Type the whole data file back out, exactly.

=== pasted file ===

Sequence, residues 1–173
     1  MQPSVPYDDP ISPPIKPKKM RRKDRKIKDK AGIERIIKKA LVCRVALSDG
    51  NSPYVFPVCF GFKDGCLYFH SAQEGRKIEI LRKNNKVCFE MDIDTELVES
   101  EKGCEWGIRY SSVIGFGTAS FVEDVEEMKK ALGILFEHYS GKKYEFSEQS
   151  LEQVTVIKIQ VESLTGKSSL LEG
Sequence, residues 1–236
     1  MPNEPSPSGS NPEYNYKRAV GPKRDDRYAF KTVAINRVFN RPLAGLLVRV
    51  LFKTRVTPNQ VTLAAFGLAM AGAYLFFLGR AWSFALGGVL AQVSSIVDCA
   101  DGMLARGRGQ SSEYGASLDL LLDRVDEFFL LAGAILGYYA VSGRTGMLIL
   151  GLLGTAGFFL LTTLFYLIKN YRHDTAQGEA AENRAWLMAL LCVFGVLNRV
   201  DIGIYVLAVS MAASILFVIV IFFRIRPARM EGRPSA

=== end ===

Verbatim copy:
Sequence, residues 1–173
     1  MQPSVPYDDP ISPPIKPKKM RRKDRKIKDK AGIERIIKKA LVCRVALSDG
    51  NSPYVFPVCF GFKDGCLYFH SAQEGRKIEI LRKNNKVCFE MDIDTELVES
   101  EKGCEWGIRY SSVIGFGTAS FVEDVEEMKK ALGILFEHYS GKKYEFSEQS
   151  LEQVTVIKIQ VESLTGKSSL LEG
Sequence, residues 1–236
     1  MPNEPSPSGS NPEYNYKRAV GPKRDDRYAF KTVAINRVFN RPLAGLLVRV
    51  LFKTRVTPNQ VTLAAFGLAM AGAYLFFLGR AWSFALGGVL AQVSSIVDCA
   101  DGMLARGRGQ SSEYGASLDL LLDRVDEFFL LAGAILGYYA VSGRTGMLIL
   151  GLLGTAGFFL LTTLFYLIKN YRHDTAQGEA AENRAWLMAL LCVFGVLNRV
   201  DIGIYVLAVS MAASILFVIV IFFRIRPARM EGRPSA